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    The Hows and Whys of Level Design - Sjoerd "Hourences" De Jong


    Next Level Design has been given permission from the author to host this entire book in PDF format.

     

    Download the attached PDF at the bottom of this article for the entire book, or view it here: https://drive.google.com/open?id=1uB3pUjPkHuWWOYEc70nkVjVlR09ua70z

    Still not sure?  
     

    Read through this section on lighting that was recently posted on Next Level Design: 


    In addition, we've included another small section of the book right here:
     

    pg. 25
    INTRODUCTION
    Due to games’ ever-increasing complexity and the expanding nature of levels in general, it can certainly be said that levels are not easy to design. Levels, as said before, are combinations of dozens of different aspects, the conglomeration of which render them complex by nature. This combination of complex systems itself requires good design from the start in order to avoid an inconsistent and downright messy result. 

    Because the different aspects are so interdependent, it’s very important not to lose sight of a level’s ‘big picture’. This chapter highlights some of the issues that can pop up when designing a level, as well as some more minor aspects to keep in mind. The overall design is the foundation for a level. Without a clear, strong design, there is no solid base on which to build the level.

    hw-cover.jpg

     


    THE CREATION OF A NEW WORLD
    The most important part of a successful level is its beginning. The way a level starts will determine a great deal about how the rest of the level will evolve and how quickly. In these days of growing complexity, efficiency and speed are valued highly. Getting off to a bad start or using bad work methods can cost time which is usually at a premium to begin with. Part of starting a good design is foreseeing potential problems before anything is created. By doing this early in the process, a good level designer can quickly and easily modify the design to better fit the available time, workload, difficulty, technical limits, or all of the above.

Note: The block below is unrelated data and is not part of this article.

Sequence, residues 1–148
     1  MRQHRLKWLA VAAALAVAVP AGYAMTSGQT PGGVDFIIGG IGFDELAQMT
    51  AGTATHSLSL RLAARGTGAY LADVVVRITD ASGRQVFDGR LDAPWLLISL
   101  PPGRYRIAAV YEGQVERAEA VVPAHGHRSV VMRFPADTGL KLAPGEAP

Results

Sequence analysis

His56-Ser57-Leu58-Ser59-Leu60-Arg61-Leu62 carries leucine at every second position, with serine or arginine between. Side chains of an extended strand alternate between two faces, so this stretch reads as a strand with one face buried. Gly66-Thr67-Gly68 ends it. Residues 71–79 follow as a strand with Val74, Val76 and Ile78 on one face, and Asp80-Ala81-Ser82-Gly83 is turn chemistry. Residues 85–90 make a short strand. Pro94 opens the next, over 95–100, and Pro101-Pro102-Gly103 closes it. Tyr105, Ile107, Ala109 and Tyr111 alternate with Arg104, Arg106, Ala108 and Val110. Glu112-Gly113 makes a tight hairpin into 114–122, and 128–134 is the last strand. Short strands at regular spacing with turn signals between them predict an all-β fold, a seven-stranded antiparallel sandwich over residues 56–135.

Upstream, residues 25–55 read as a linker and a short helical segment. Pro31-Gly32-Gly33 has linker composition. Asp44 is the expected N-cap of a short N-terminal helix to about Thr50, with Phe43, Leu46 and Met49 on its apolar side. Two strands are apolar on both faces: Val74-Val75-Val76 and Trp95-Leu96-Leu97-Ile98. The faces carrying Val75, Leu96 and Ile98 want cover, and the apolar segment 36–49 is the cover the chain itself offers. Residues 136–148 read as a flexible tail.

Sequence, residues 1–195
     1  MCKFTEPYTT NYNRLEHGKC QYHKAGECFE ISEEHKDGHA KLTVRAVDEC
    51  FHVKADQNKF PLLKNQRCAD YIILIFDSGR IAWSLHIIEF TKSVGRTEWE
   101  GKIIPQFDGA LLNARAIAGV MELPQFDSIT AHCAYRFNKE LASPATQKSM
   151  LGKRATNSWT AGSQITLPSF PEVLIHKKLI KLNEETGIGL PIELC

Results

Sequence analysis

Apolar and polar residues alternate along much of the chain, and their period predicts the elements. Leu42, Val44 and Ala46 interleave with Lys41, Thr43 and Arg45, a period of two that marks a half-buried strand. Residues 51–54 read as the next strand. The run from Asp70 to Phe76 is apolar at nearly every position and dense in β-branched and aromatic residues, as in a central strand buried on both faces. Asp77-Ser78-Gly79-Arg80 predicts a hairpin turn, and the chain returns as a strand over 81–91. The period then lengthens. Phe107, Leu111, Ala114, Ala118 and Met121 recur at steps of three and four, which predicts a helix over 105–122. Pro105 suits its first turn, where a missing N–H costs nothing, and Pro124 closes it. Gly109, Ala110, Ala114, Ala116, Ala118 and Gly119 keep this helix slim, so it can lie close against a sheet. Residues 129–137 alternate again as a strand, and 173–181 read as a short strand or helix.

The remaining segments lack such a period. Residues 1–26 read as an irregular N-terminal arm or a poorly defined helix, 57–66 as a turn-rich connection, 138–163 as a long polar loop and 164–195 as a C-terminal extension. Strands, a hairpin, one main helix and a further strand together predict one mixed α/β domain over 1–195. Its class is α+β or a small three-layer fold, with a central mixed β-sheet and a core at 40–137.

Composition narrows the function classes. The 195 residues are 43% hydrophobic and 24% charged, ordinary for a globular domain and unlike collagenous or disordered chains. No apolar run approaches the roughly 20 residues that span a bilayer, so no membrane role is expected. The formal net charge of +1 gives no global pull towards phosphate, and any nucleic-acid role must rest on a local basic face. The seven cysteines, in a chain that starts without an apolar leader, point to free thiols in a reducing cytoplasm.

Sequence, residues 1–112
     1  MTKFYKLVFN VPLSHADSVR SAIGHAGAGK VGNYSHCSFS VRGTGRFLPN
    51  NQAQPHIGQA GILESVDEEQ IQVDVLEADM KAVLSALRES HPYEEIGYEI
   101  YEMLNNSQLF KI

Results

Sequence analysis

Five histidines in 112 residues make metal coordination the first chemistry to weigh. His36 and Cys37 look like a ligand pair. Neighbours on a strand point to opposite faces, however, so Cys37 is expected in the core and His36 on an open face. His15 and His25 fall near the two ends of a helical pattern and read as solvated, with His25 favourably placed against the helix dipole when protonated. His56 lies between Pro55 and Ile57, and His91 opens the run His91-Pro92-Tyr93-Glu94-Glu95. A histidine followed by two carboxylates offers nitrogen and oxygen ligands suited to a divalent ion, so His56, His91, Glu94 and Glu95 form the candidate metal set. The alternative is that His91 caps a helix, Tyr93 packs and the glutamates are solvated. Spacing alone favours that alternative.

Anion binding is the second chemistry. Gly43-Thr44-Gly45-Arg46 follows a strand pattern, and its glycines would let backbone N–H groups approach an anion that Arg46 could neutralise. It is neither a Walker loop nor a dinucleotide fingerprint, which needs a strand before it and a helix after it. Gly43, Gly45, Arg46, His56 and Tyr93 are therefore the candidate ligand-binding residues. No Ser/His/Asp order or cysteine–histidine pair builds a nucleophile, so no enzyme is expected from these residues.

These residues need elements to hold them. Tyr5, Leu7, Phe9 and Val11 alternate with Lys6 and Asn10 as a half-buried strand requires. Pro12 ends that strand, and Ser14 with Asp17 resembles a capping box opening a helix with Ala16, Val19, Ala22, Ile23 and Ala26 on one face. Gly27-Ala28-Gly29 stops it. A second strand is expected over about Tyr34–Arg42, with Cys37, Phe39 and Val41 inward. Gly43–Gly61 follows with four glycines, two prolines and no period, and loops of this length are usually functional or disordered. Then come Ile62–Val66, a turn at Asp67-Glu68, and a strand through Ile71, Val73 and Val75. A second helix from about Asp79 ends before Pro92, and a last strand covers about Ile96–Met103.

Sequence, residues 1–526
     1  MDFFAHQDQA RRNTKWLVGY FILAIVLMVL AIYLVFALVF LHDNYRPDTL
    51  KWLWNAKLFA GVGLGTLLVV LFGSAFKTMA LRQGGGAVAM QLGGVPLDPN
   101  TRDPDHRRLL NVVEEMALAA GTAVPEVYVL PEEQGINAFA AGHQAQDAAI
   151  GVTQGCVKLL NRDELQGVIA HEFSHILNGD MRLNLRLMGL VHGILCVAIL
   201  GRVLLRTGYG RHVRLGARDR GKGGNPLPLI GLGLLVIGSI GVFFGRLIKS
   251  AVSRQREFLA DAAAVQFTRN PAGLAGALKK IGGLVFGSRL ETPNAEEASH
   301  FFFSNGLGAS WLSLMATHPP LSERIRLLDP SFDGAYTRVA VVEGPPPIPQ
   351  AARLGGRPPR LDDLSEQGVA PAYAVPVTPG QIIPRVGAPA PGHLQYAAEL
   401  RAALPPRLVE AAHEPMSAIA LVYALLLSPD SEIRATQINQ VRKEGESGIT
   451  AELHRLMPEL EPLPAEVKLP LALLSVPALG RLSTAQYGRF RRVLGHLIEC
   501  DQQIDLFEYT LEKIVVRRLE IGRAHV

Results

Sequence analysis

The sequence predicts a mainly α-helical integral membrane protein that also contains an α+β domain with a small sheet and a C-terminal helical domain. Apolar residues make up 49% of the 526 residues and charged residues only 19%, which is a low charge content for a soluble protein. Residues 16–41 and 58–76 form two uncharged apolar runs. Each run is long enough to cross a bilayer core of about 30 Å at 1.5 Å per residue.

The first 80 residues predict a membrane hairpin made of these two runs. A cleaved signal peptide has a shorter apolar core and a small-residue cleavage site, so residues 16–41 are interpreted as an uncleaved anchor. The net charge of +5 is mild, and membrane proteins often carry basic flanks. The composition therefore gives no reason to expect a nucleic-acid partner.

How one begins a new level is different for every person. One designer may write everything down in a design document while another, like me, just plans it out in their head. The method used also depends upon if one is working in a team environment. Working with a team means that the level’s design must be communicated throughout the team which usually means some sort of written, drawn, or quickly modeled design that can be passed around and/or presented. How it’s done isn’t important as long as several key aspects are kept in mind and the end product is of a sufficient quality. If the technology used cannot create lush jungles, for example, then this must be recognized before starting.

    A design should progress only when exactly what is wanted and how to accomplish it is known. Exact information is the key to this. Again using the jungle example, one must know what the jungle will look like, the colors it uses, the overall style, how the player will move through it, if the engine can render thick vegetation, what kind of physics will be involved, and too many more to list here.

    To assist in this task, I have developed a type of checklist that is at the base of everything I design. The list compares several key values against each other to see if they are possible and if they should be modified. It also helps define the values better. The list checks to see if the rules of, for example, lighting and composition are contrary to each other and if the goal is possible and what direction to take. This extensive chapter will mostly be about the latter.

    A level is complex and it takes increasingly more time and effort to successfully complete one; thus failure is not an option. All the areas that could potentially cause a problem should be identified before starting any work. Once the design process starts it should go smoothly; design dilemmas should not occur or, if they do, should be easily overcome with few modifications to the overall plan. Getting stuck can be very demoralizing and time consuming.